However, it appears from the judgment that the US court’s approach differs from that adopted by the ECJ in Re Eurofood when considering COMI. In referring to the test under Chapter 15 that COMI is presumed to be the debtor’s registered office ‘[i]n the absence of evidence to the contrary’, Lifland J examined its legislative history. This indicated that the presumption was included for speed and convenience of proof where there is no serious controversy. This contrasts with the ECJ’s decision, which held that the COMI presumption would be rebutted only by reference to criteria that are ‘both objective and ascertainable by third parties’. It would seem, therefore, that there is a subtle difference in the weight given to the presumption by the two courts.
Commentators expect further corporate collapses in view of the current market turmoil, and it is inevitable that there will be cross-border elements to many of these where recognition of foreign insolvency proceedings is sought in the US (among other jurisdictions). This decision is helpful in clarifying a few of the issues regarding Chapter 15 recognition and in reasserting the need for the US court to consider the definitional requirements of recognition as main or non-main proceedings that dicta in Re SPhinx had suggested were not always necessary.
However, the decision is unhelpful in that it means offshore insolvency officeholders may need to open main US Chapter 7 or Chapter 11 proceedings to obtain the benefit of a US stay. Although the US court is still able to assist, a main Chapter 7 or Chapter 11 application is typically more involved (and therefore expensive) than a Chapter 15 recognition application.
Following this decision, off-shore companies, often used for tax structuring, may struggle to gain recognition in the US of any local insolvency proceedings. The concepts of ‘centre of main interests’ and ‘establishment’, as interpreted by the US court, require a degree of business or non-transitory economic activity to be carried out locally. Such vehicles are often prohibited from carrying out any meaningful economic activity in their local jurisdiction in order to maintain their beneficial tax status. This restricted activity is likely to be a bar, therefore, to recognition under Chapter 15, potentially pushing some foreign insolvency office holders into filing for Chapter 7 or Chapter 11 instead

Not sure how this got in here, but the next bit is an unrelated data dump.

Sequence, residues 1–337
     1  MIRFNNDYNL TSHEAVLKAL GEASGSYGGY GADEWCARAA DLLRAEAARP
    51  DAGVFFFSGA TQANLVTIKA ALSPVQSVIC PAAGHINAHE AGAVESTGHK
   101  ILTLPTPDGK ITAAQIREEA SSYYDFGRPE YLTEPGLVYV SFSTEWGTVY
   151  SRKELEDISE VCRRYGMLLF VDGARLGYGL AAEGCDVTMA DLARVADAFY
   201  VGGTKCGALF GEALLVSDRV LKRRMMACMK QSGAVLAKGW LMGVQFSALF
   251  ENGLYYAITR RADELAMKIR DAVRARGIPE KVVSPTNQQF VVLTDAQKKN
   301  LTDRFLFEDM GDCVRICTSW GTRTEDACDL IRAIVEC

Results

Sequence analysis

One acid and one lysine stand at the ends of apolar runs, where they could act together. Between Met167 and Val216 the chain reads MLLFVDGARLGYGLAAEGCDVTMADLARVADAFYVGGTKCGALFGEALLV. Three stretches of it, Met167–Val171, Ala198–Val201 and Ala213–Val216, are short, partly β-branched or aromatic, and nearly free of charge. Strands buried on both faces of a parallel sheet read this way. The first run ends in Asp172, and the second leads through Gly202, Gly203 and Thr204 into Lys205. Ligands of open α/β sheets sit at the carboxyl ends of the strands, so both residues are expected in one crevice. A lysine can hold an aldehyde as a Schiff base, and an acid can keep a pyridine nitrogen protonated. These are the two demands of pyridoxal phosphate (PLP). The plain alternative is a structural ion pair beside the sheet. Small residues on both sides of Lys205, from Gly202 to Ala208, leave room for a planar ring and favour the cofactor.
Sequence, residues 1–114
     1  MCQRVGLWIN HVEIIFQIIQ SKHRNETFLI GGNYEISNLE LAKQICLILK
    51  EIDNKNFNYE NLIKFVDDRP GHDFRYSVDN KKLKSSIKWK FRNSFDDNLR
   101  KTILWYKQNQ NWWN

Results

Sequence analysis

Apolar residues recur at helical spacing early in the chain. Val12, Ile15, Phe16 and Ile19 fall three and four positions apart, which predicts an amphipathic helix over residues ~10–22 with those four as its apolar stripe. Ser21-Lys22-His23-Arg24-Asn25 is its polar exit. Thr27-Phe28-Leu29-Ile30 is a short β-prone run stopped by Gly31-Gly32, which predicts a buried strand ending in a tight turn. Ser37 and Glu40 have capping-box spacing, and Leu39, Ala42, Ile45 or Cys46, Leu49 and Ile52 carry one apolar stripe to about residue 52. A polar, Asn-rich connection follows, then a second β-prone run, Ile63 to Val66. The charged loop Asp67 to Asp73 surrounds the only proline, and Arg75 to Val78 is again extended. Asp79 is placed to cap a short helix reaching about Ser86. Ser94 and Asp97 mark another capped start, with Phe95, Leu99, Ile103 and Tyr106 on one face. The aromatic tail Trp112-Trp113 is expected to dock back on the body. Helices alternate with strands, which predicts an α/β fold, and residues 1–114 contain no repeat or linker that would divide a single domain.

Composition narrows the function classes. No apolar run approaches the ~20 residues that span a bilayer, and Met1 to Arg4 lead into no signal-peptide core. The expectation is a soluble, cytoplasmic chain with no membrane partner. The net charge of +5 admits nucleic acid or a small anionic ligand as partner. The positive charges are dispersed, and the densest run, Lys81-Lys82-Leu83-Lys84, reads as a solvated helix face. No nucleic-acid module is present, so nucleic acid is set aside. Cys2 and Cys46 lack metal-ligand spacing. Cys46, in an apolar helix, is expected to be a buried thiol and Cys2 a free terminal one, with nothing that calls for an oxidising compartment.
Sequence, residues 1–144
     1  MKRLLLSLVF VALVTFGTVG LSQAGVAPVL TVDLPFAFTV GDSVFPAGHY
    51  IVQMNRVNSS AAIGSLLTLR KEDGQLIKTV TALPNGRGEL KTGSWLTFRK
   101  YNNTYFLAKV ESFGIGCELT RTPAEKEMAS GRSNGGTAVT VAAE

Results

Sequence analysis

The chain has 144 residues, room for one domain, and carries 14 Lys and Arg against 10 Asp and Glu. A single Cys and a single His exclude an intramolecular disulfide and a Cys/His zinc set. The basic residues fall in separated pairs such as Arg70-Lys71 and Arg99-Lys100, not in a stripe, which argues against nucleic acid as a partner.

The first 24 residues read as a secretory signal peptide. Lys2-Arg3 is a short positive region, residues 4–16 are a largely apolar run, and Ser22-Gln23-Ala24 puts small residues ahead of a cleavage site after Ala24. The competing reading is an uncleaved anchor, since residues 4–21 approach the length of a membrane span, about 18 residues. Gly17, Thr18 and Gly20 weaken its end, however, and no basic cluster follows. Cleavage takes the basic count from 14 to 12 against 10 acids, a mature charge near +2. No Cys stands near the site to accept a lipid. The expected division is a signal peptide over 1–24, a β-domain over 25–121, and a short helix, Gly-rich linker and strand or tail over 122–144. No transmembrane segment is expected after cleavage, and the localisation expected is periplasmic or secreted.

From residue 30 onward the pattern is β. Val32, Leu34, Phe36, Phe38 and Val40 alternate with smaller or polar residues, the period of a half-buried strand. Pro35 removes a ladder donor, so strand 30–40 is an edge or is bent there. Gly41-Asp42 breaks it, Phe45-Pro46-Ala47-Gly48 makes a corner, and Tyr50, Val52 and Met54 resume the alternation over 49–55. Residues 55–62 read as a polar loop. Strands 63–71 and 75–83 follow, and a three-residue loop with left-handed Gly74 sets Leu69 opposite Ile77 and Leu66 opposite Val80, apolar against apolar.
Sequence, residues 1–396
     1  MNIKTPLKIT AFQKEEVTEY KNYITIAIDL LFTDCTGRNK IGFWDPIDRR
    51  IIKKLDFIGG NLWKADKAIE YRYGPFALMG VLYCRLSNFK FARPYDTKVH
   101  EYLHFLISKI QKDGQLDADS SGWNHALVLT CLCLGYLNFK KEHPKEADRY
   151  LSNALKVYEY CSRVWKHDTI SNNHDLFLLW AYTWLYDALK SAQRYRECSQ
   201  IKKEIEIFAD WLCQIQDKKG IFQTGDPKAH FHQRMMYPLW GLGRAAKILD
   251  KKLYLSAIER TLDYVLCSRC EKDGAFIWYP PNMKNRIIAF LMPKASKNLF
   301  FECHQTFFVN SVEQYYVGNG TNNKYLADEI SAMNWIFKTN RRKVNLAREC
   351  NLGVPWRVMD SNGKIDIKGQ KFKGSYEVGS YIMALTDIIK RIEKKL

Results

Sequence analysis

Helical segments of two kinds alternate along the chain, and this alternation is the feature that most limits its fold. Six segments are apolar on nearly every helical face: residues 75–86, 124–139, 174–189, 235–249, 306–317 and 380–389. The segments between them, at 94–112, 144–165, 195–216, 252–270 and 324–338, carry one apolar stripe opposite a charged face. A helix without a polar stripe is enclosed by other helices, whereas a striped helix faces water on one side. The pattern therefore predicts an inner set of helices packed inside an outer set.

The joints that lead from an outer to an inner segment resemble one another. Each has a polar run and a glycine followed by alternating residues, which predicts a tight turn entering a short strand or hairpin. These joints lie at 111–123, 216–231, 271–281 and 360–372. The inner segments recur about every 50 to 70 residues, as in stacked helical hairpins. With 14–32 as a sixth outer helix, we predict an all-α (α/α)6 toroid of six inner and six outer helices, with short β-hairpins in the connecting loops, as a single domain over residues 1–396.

What is Chapter 15?
Chapter 15 of the US Bankruptcy Code implemented the UNCITRAL Model Law on Cross Border Insolvency in October 2005, replacing the old US section 304. In line with the Model Law, it seeks to encourage judicial co-operation and communication in transnational insolvency cases. A foreign representative may seek recognition in the US of the foreign insolvency proceedings either as foreign main or non-main proceedings. Chapter 15 also applies to cases brought in the US for assistance in a foreign jurisdiction.
What are foreign main or non-main proceedings?
A foreign main proceeding is one pending in the country where the debtor has its COMI. There is a rebuttable presumption that a debtor’s COMI is at the place of its registered office. A foreign non-main proceeding is any other proceeding pending in a country where the debtor has an ‘establishment’ – defined as ‘any place of operations where the debtor carries out a non-transitory economic activity’. Those familiar with the EC Regulation on Insolvency Proceedings will recognise the concepts of COMI and establishment and, indeed, the US Bankruptcy Court has used case law under the regulation to assist in its interpretation of these concepts (in particular, the European Court of Justice (ECJ) decision in Re Eurofood).
What are the implications of recognition?
Recognition brings with it certain relief and the foreign representative is granted various rights. The extent of such relief and the nature of these rights will depend on whether the proceedings are recognised as main or non-main proceedings. For example, main proceedings will have the benefit of the automatic stay of actions against the debtor, whereas in the case of non-main proceedings such a stay is at the discretion of the US Bankruptcy Court. Notably, recognition means that foreign creditors will have the same rights as domestic creditors.